Rube Goldberg’s Least Complicated Invention Was His Cartooning Career

The name Rube Goldberg has long been synonymous with any overly-built contraption played for laughs that solves a simple problem through complicated means. But it might surprise you to learn that the man himself was not an engineer or inventor by trade — at least, not for long. Rube’s father was adamant that he become an engineer and so he got himself an engineering degree and a job with the city. Rube lasted six months engineering San Francisco’s sewer systems before quitting to pursue his true passion: cartooning.

Rube’s most famous cartoons — the contraptions that quickly became his legacy — were a tongue-in-cheek critique meant to satirize the tendency of technology to complicate our lives in its quest to simplify them. Interestingly, a few other countries have their own version of Rube Goldberg. In the UK it’s Heath Robinson, and in Denmark it’s Robert Storm Petersen, aka Storm P.

Rube Goldberg was a living legend who loved to poke fun at everything happening in the world around him. He became a household name early in his cartooning career, and was soon famous enough to endorse everything from cough drops to cigarettes. By 1931, Rube’s name was in the Merriam-Webster dictionary, his legacy forever cemented as the inventor of complicated machinery designed to perform simple tasks. As one historian put it, Rube’s influence on culture is hard to overstate.

Rube’s alma mater Berkeley calls him an engineer’s engineer. Image via Berkeley Engineering

Engineer of His Own Future

Reuben Garrett Lucius Goldberg was born July 4th, 1883 to Max and Hannah Goldberg in San Francisco, California. He started tracing cartoons in the newspaper at the age of four and kept drawing throughout his childhood. Rube never had any formal drawing lessons, though he did take a few lessons from a sign painter around age 11.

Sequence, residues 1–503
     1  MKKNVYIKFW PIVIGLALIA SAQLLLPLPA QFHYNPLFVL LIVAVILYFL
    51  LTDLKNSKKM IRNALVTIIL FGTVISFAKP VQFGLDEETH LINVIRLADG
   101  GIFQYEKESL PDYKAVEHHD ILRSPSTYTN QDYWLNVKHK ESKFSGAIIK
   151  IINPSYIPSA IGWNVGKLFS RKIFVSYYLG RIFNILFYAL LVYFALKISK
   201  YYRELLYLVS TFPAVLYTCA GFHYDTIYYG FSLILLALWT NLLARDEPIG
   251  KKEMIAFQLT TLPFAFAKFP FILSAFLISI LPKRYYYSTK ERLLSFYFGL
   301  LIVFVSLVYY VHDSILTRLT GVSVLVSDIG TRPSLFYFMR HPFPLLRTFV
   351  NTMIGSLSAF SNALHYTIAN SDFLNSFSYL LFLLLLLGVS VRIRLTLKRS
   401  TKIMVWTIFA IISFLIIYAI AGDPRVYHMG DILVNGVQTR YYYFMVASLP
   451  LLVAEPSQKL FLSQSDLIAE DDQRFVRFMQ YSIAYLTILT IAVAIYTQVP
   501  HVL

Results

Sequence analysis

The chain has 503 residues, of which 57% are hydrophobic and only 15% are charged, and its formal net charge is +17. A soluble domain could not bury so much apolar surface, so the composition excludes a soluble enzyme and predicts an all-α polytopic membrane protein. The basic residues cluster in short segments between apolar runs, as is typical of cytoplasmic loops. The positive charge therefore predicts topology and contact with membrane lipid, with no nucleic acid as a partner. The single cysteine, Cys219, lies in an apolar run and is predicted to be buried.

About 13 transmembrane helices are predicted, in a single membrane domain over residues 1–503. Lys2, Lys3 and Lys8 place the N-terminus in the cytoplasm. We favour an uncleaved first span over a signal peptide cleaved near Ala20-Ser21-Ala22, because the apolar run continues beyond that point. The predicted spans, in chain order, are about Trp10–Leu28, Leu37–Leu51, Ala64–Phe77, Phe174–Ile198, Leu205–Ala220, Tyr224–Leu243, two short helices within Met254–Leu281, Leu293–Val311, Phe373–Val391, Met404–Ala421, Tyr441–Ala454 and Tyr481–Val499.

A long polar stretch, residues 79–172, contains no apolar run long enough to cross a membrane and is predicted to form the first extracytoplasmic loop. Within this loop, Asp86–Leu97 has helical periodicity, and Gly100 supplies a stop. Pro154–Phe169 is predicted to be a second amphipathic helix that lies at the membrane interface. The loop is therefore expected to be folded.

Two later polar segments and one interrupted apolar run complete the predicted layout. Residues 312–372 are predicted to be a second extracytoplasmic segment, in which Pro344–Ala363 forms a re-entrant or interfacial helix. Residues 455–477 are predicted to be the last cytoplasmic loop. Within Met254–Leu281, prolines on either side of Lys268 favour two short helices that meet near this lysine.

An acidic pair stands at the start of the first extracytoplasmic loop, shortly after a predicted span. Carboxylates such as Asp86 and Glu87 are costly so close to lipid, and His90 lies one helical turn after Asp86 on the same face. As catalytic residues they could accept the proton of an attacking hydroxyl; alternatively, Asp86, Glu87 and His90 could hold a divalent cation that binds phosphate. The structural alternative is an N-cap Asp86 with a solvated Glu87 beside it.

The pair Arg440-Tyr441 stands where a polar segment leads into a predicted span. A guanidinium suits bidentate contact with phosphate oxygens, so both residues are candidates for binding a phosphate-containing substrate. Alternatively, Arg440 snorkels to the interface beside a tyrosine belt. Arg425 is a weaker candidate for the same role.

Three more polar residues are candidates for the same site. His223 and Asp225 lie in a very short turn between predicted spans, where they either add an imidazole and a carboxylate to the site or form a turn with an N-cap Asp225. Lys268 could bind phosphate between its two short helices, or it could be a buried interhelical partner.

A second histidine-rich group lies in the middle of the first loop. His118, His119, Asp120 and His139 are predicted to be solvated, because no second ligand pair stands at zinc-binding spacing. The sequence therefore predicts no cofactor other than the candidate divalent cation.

When Rube announced his intent to become a famous cartoonist, his family was horrified. Rube’s father, a policeman and fire commissioner, had worked hard to to provide a good life for his family after emigrating from Germany. He equated artists with beggars, and wanted Rube to be an engineer.

Though Rube still dreamed of becoming a famous cartoonist, he got a mining engineering degree from UC Berkeley in 1904. He then took a job with the city of San Francisco as a water and sewers engineer. Rube hated the job so much that he quit after six months, and took a job at the San Francisco Chronicle for one third the pay. Rube started out at the bottom, emptying wastebaskets, sweeping the floors, and filing photographs. But he still drew every chance he got, and was eventually hired by the San Francisco Bulletin to be their sports cartoonist.

Crazy Contraptions with Explanatory Captions

In 1906, a powerful and deadly earthquake shook San Francisco. Faced with his own mortality, Rube realized that if he wanted to be nationally famous, he’d have to go where the action was — New York City. The following year, Rube moved across the country by train in the hopes of getting hired by a nationally-syndicated newspaper. Just when he was ready to sell his father’s diamond ring for a train ticket back home, he was hired by the New York Evening Mail.

As we all know, Rube Goldberg is most famous for his contraption cartoons that employ ridiculous chain reactions to solve every day problems. These intricate machines were all inventions of Rube’s alter ego Professor Lucifer Gorgonzola Butts, who was loosely based on one of Rube’s engineering professors at Berkeley. He drew the first one of these around 1912 and shot to fame and fortune soon after. Rube spent many hours perfecting his cartoons and would spend upwards of 60 hours drawing a single cartoon.

Image via The Science Academy
Image via Screwball Comics